Place the chickpeas in a large bowl, cover with clean water and soak overnight.
The next day, drain and rinse the chickpeas. Transfer to a large cooking pot, cover with water (about 2-inch higher than the chickpeas). Bring to a boil and let simmer for 1 hour. Depending on the size of your chickpeas it might take up to 1 and ½ hour. They must be soft but not mushy. If some foam forms on the surface during cooking, remove it with a spoon to prevent any spillover.
Once the chickpeas are cooked, drain them and leave them in the strainer for 30 minutes. After that, pat them dry using a paper towel to make sure they are mostly dry on the outside.
Transfer to a large clean bowl. Add the white vinegar and stir to coat. Add the tempeh starter and mix well using a spoon until uniformly distributed.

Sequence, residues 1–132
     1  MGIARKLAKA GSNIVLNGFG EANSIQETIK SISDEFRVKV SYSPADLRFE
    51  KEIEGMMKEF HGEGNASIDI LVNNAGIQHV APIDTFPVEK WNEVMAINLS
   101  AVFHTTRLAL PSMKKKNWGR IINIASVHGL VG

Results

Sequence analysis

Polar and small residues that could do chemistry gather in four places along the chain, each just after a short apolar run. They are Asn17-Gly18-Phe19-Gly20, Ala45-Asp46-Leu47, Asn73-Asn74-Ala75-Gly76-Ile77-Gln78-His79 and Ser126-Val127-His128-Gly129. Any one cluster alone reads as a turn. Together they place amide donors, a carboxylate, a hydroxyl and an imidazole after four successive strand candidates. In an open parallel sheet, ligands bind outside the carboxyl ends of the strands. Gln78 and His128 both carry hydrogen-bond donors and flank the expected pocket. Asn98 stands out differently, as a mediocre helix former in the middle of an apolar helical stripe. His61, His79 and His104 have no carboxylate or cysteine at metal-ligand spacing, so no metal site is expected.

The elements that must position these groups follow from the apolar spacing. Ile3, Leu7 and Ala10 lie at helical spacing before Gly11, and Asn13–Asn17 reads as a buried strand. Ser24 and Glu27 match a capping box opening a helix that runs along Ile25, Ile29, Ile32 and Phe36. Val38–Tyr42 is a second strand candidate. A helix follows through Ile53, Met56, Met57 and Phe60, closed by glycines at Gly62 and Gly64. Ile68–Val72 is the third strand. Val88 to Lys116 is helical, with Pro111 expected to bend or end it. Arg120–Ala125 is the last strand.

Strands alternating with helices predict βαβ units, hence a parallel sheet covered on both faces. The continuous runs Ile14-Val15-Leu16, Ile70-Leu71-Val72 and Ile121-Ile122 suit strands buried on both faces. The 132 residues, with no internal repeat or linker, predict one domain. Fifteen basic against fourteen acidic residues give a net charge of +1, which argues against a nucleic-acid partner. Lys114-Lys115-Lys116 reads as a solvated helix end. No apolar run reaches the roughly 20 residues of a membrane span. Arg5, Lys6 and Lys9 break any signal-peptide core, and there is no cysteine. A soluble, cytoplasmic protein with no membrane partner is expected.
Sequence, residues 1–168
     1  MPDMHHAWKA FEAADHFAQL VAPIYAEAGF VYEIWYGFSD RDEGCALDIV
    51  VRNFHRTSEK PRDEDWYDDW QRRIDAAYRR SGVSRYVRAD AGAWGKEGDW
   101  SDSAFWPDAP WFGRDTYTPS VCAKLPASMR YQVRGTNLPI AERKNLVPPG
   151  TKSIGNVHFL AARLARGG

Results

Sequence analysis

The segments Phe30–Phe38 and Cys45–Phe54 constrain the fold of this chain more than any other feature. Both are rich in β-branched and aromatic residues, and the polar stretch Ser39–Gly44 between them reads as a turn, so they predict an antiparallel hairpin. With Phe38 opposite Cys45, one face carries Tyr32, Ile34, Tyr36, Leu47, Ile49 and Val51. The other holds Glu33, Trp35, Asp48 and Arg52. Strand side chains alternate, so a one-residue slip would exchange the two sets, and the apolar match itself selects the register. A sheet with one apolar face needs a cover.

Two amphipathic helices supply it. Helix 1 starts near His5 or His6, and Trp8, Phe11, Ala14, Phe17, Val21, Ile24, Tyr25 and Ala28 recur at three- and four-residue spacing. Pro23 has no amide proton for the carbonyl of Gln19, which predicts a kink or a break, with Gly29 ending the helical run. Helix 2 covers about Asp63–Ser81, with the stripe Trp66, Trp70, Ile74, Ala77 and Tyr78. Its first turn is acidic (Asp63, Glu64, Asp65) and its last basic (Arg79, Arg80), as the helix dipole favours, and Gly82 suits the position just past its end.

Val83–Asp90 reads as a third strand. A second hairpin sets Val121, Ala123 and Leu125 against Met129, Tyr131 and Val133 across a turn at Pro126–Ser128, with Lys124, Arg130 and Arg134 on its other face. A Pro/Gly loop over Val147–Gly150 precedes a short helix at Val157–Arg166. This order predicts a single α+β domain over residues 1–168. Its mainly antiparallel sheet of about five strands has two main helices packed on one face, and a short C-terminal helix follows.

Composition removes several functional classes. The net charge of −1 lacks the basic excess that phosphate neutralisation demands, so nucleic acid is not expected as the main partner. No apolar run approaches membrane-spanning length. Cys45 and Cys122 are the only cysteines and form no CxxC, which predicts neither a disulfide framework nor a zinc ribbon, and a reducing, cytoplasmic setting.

Using a metal skewer, or chopstick, prick some holes (at about 2-inch intervals) in a clean freezer bag. This step is important to create good air circulation and allow the mold to grow.
Transfer the chickpeas to the freezer bag and form a rectangle of about 5x8 inches with a thickness of about 1-inch. Place the bag of chickpeas on a baking sheet and put in an oven with the light on for about 14 hours. I set the temperature of my oven to 86°F and let the door very slightly opened because I can't just let the light on.
After 14 hours, some white mold (not a lot) should have appeared on the chickpeas. You might also see some condensation inside the plastic bag, this is normal. It's time to remove the baking sheet from the oven and let it ferment for another 24-36H in a dark and warm place. I recommend covering the chickpea bag with a clean towel to make sure it's not under direct sunlight.
Your tempeh is ready when it is fully covered with white mold and forms a solid cake, which usually happens at the 48-hour mark. It can be quicker if the temperature in your house is high.
Raw tempeh will keep for up to a week in the refrigerator. If you want to freeze it: steam the tempeh for 25 minutes, let cool completely and wrap in plastic film before freezing.